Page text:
Chemotherapy, radiation therapy, immunotherapy, surgery? A Vanderbilt expert explains lung cancer treatment options.
There’s a lot to learn, absorb and process when you’re newly diagnosed with lung cancer, but one question will likely be top of mind.
“When patients come in initially to meet with one of our clinicians, a primary question they want answered is, How are we going to treat this?” said Jon Nesbitt, M.D., a thoracic surgeon at Vanderbilt University Medical Center. And while it may seem rather straight-forward initially — chemotherapy, radiation therapy and surgery are the standards of care — it’s important to understand that there are three critical factors that your providers weigh in order to guide you to the best treatment option for your specific case:
1. Type of tumor.
The majority of patients present with non-small cell cancer, while around 15 percent of those diagnosed will have a small cell malignancy, which is typically more aggressive. Whether yours is non-small cell or small cell will play a larger role in determining your treatment plan. “Surgery is not often used in small cell cancer, except for very isolated cases where there is one small focus with no evidence of disease elsewhere,” Nesbitt said by way of example. “That’s why it is important to know the tumor type.”
In the past decade, Nesbitt said, it’s also become important to consider the genetics of the tumor itself. Molecular testing of your tumor will help your providers better understand how responsive your tumor will be to certain therapeutic agents.
2. Extent of disease.
“Here, we’re asking if the tumor is contained within one area or if there is distant disease, meaning additional disease is present somewhere other than the lung — within lymph nodes, within the bones, etc.,” Nesbitt said. “That provides us more information about the biology of the disease: Does the tumor have the propensity to break apart and spread? If so, it’s a more vicious malignancy and typically requires combinations of care that may include chemotherapy coupled with surgery or radiation therapy.”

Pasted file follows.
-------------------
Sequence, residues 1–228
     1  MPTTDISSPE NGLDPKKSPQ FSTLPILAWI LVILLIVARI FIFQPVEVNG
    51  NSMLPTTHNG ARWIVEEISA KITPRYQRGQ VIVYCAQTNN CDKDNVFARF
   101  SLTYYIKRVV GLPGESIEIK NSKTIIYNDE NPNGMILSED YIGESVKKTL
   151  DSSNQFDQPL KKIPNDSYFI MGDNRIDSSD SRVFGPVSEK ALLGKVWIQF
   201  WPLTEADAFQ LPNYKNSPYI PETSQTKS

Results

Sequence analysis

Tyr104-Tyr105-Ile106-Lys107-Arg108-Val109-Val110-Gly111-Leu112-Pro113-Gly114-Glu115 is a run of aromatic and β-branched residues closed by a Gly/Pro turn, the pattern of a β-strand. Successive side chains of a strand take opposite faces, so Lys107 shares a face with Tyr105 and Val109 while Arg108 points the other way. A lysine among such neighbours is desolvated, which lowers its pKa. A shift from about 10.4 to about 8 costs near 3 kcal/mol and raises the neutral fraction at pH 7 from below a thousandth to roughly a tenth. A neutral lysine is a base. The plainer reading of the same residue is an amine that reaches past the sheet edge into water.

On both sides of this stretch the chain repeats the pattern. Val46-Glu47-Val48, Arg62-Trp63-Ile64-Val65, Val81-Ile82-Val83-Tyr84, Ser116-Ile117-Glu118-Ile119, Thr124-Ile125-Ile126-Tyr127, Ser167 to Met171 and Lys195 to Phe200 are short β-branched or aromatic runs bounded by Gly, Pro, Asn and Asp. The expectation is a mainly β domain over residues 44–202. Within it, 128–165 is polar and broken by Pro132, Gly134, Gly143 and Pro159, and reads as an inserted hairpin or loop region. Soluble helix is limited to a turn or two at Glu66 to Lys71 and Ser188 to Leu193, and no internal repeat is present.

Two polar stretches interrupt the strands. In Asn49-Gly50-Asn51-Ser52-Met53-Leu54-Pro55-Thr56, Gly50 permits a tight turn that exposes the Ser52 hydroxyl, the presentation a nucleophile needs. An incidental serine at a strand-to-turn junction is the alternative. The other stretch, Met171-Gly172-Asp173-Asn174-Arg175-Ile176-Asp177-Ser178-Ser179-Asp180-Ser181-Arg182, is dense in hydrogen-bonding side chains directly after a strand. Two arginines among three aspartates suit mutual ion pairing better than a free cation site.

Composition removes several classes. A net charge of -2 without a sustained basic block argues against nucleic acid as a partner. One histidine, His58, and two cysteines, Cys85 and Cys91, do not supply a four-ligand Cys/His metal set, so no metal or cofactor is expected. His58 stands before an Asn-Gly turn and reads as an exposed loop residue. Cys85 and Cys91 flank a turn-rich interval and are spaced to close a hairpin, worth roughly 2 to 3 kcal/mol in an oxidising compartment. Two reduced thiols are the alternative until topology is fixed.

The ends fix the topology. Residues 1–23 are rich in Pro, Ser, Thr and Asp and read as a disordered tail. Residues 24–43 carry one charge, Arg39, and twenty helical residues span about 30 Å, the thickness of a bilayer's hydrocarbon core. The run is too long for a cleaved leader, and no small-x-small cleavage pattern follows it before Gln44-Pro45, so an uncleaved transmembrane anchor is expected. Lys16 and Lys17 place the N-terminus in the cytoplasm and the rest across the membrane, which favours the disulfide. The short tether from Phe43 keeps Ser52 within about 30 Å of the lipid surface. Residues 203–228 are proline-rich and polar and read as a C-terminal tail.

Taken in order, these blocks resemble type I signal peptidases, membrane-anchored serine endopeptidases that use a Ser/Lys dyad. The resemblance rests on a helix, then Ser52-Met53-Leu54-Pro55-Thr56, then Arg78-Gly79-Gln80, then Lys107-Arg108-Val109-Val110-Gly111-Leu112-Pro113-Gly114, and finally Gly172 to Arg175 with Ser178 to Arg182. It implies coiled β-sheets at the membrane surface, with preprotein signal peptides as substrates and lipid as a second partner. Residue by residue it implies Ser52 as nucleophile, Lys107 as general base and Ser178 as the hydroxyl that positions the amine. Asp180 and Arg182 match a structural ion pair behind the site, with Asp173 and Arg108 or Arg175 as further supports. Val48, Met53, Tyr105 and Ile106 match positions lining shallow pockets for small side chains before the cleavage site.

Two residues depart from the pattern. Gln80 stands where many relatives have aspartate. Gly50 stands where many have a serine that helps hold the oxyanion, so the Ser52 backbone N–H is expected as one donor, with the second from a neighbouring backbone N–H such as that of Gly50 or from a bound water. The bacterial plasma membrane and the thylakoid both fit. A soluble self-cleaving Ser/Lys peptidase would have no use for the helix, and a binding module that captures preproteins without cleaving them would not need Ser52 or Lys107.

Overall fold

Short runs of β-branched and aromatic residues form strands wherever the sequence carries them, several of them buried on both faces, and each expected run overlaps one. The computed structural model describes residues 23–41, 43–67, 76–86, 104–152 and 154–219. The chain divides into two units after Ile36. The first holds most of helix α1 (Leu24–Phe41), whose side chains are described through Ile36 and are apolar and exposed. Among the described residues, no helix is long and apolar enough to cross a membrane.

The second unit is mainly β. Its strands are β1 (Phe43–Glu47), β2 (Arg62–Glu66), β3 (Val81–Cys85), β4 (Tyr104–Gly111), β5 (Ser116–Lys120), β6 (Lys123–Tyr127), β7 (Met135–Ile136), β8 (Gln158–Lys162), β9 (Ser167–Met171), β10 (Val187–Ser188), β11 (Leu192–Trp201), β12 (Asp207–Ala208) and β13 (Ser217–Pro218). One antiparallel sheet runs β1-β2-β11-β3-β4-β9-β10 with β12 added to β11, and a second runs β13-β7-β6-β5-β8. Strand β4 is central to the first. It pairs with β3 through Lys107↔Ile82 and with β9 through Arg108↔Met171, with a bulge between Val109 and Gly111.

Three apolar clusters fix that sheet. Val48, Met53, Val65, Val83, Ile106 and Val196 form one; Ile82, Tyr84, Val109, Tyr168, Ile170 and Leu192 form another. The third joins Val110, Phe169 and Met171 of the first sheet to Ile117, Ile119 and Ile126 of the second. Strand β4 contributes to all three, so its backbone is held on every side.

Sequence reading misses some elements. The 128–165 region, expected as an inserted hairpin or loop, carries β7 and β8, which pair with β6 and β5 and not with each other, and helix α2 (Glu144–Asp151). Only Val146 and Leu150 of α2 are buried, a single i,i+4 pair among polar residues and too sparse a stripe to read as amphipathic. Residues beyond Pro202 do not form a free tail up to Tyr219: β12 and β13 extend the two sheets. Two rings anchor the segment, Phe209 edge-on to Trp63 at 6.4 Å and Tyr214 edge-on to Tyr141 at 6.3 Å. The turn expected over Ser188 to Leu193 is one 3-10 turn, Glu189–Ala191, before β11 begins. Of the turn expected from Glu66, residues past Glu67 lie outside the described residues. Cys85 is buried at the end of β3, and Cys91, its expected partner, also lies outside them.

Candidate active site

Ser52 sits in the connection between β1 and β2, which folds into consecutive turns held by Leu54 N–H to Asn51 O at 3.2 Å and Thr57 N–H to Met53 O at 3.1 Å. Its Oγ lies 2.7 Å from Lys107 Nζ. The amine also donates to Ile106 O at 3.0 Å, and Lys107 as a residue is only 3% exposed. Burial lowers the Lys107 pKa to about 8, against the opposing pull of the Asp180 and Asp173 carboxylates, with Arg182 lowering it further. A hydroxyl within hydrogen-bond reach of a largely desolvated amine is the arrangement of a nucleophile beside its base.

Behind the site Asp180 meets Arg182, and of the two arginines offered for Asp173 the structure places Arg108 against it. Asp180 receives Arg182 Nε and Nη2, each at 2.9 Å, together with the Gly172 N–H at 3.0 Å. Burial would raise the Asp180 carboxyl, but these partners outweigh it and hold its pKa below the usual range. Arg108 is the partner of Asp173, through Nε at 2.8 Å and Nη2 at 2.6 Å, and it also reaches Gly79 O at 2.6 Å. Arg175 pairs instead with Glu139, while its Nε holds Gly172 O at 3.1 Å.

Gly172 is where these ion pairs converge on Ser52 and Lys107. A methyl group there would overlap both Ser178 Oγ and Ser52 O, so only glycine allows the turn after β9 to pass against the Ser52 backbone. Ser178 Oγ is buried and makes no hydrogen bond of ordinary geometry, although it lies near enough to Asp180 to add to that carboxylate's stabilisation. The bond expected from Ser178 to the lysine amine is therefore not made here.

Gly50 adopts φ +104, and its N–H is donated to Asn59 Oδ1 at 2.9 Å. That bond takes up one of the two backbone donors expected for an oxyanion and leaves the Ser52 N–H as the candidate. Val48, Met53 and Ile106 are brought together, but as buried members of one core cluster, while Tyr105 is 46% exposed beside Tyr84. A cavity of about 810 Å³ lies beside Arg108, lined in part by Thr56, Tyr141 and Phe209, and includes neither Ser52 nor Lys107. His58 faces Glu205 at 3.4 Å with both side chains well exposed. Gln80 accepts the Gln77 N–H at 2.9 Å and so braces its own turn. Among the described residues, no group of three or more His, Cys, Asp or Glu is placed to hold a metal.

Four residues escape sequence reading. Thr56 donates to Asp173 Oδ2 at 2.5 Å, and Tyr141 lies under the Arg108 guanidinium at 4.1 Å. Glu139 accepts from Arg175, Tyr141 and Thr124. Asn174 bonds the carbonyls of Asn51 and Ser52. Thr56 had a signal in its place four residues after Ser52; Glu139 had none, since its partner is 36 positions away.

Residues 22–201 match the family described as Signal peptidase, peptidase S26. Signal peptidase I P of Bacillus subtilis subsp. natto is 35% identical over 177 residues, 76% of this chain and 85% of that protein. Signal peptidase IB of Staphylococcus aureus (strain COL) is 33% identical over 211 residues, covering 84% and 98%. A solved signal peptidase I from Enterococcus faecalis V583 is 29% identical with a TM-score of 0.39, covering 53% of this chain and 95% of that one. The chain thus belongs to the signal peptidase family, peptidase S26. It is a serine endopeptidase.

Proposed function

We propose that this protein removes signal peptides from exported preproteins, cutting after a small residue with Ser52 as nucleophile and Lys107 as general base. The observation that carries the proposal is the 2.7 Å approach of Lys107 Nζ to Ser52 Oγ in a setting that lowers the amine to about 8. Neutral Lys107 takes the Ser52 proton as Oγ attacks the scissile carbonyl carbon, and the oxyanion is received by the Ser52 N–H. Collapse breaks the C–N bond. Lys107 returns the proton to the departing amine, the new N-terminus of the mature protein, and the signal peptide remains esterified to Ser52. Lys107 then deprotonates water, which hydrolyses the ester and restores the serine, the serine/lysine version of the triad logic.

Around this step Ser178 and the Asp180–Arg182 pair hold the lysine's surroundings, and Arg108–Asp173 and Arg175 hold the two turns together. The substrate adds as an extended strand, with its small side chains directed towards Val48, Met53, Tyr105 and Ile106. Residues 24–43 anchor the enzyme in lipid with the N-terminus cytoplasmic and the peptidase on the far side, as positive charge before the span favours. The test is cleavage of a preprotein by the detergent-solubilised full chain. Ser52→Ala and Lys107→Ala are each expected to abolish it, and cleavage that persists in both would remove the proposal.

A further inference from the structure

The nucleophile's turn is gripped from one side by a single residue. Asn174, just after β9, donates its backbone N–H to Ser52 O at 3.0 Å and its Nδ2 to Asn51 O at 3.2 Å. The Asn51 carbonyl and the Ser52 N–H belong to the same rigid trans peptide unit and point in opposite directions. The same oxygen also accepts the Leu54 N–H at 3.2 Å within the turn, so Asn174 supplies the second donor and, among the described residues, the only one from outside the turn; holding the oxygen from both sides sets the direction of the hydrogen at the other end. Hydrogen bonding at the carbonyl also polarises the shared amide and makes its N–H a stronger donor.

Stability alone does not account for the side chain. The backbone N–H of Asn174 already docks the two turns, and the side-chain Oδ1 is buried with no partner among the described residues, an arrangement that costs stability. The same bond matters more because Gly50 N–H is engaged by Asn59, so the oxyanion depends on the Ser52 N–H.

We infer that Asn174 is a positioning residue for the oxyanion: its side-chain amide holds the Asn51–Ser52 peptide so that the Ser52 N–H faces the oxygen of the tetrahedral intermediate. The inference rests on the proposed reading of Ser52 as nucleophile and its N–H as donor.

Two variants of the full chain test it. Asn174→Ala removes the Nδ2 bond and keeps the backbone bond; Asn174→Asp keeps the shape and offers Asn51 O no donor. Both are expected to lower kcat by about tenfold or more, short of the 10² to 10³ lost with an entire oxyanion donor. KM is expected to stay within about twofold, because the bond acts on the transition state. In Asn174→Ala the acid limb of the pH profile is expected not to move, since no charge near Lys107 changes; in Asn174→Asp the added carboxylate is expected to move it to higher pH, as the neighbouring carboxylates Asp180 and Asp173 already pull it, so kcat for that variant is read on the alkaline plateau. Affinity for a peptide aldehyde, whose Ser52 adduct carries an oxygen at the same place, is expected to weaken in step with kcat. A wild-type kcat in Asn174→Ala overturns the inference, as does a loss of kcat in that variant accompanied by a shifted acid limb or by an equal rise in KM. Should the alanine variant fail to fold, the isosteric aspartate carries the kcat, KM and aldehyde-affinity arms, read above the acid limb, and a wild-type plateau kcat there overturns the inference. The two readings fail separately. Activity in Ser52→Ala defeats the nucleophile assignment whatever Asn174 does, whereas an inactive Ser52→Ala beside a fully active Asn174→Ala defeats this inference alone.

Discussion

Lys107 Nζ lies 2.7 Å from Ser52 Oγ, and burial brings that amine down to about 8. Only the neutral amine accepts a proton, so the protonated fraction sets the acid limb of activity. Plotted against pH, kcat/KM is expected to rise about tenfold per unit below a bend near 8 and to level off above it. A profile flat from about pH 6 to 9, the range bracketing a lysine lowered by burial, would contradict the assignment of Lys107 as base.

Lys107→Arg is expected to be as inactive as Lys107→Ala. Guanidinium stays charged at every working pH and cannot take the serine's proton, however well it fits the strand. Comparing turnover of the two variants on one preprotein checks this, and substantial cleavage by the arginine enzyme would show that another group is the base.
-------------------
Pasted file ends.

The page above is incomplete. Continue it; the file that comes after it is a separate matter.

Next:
3. Overall health
The final factor is your overall physiologic condition. Do you have ongoing medical conditions such as heart disease, diabetes, emphysema, obesity, etc., that could make an operation risky? Are you immunocompromised, or does a preexisting condition mean chemotherapy might be too dangerous? “These concurrent conditions really play into how we make the best and most appropriate decision for a patient’s care,” Nesbitt said.
Understanding both the long-term and short-term effects — as well as understanding why a certain treatment is a good fit for your case — will allow you to make the best decision you can.
Making an informed decision
After weighing these three factors, your provider will be able to recommend the best options for your treatment plan. For example, if your cancer is confined to one area and you’re a good candidate for surgery, an operation alone to remove the tumor will likely be the recommendation. Similarly, if your tumor is confined and yet your overall physiologic condition prohibits surgery or even chemotherapy, radiation therapy alone might be prescribed.
Often, lung cancer treatment plans involve combinations of different therapies that could include two or three treatment strategies. And in some circumstances novel chemotherapeutic agents called targeted therapies or immunotherapy are considered. Lastly, research trials that investigate promising new drugs to affect the disease are available for consideration.
After an in-depth discussion of the key factors in determining care and a review of all options for treatment, your provider will provide recommendations and encourage you to choose based on the risks and benefits of the therapy. It’s important, then, to prepare a list of questions to ask about treatment and make sure you get answers. Understanding both the long-term and short-term effects — as well as understanding why a certain treatment is a good fit for your case — will allow you to make the best decision you can.
The Vanderbilt-Ingram Cancer Center is a national leader in patient care and research. Vanderbilt offers the region’s most complete range of oncology care, from advanced imaging to team-based treatment options to genetic cancer medicine and the latest in therapies being studied in clinical trials. Our lung cancer specialists provide advanced, effective care tailored to individual needs.